Strategic default has become common and accepted in Las Vegas.
“Even with the Q4 bounce, real final sales have managed to eke out a barely more than 2% annual gain since the recession ended, whereas what is normal at this stage of the cycle is a trend much closer to 4%. Welcome to the new normal.
From John Sheriffus
So, How’d That Securitization Thing Work Out? – TBP Egypt and Tunisia usher in the new era of global food revolutions – Ambrose Evans-Pritchard Political risk has returned with a vengeance. The first food revolutions of our Malthusian era have exposed the weak grip of authoritarian regimes in poor countries that import grain, whether in [...]
While most of the positive press in 2010 surrounded the single family home market, perhaps no segment fared as well last year as apartments. Investors piled into multi-family properties for a host of reasons, which leaves the sector at a critical crossroads for 2011.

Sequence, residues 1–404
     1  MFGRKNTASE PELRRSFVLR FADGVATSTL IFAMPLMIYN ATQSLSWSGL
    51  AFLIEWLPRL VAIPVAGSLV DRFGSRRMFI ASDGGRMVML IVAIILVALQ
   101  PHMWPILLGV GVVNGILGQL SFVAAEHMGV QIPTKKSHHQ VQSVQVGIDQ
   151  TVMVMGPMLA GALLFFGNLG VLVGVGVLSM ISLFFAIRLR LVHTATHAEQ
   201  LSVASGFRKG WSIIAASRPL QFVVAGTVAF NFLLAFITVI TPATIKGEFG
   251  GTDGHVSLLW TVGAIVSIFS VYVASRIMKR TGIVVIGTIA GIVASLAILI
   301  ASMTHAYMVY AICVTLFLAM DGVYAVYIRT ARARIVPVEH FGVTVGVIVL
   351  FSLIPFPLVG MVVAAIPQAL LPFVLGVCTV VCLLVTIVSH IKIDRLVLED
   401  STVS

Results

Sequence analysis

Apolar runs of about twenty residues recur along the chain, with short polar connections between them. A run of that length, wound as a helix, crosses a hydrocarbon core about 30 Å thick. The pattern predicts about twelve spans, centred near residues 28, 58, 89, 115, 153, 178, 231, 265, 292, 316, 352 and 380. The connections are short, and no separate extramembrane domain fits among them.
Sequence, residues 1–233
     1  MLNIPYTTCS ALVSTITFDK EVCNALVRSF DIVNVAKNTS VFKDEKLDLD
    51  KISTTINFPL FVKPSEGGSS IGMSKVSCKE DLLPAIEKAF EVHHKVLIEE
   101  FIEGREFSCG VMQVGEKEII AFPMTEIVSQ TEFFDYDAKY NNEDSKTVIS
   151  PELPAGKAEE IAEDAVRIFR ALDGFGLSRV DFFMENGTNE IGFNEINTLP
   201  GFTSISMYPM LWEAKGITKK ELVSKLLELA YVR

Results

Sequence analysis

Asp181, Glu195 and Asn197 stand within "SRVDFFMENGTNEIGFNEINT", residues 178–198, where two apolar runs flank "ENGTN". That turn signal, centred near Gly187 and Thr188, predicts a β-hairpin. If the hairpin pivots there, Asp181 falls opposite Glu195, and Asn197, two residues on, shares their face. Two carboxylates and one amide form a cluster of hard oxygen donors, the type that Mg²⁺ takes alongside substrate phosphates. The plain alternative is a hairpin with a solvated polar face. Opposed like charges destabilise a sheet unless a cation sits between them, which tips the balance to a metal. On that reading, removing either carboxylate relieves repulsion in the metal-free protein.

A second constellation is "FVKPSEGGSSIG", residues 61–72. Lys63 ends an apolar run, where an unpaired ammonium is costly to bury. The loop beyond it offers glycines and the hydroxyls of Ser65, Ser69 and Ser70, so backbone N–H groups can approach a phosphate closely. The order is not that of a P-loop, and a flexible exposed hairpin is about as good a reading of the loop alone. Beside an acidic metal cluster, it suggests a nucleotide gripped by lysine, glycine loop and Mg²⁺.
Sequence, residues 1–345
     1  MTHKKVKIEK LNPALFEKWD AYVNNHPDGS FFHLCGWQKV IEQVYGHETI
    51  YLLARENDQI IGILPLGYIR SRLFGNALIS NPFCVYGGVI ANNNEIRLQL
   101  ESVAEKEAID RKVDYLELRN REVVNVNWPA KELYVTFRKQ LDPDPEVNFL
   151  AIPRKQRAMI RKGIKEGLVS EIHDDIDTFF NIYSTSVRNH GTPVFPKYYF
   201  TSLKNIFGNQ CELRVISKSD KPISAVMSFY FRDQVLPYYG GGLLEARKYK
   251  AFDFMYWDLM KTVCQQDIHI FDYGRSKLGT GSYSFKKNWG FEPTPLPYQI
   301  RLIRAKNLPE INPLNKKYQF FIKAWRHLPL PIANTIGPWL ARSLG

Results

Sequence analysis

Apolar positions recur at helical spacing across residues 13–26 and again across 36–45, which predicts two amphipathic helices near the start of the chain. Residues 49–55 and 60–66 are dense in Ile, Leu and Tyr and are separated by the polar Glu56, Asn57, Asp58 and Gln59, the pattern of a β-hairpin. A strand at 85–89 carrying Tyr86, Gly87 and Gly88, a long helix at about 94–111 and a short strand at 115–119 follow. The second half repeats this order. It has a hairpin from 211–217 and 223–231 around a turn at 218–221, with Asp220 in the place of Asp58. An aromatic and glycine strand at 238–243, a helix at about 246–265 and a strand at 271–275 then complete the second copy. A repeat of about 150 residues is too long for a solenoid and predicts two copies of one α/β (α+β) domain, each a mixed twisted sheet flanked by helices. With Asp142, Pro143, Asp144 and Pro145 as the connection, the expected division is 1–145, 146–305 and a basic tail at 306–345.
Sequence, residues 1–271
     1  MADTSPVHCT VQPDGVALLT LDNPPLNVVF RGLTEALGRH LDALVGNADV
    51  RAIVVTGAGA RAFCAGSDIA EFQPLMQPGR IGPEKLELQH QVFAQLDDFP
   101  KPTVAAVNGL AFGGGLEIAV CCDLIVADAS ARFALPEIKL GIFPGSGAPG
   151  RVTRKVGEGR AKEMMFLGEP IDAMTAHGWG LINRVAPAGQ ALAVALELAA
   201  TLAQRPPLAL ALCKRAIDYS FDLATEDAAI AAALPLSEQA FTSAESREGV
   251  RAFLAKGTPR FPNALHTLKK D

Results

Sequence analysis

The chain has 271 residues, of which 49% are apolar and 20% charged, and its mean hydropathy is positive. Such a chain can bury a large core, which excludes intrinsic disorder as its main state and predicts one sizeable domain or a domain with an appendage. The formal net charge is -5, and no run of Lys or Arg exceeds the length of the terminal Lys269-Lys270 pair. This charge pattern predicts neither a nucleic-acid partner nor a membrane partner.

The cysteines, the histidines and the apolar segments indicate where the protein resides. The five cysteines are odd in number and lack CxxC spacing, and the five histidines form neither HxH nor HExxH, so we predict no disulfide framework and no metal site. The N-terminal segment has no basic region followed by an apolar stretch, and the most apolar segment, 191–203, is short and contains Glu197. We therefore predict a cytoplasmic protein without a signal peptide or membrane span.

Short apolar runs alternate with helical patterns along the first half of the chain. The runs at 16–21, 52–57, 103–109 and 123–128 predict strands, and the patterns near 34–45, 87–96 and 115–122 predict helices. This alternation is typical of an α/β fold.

It often gets thrown around that owning real estate is a good “hedge” against inflation. That is, real estate prices will inherently rise under inflationary pressures. As far as conventional wisdom goes, this seems to be the case. But does this rising inflation = rising real estate prices relationship actually hold true? To investigate this idea further, we looked at three separate data time series: National Median Home Price, Dow Jones Industrial Average (DJIA) and Consumer Price Index (CPI, a measure of inflation).
An Irvine home owner loses more than 25% on his multi-million dollar Irvine property.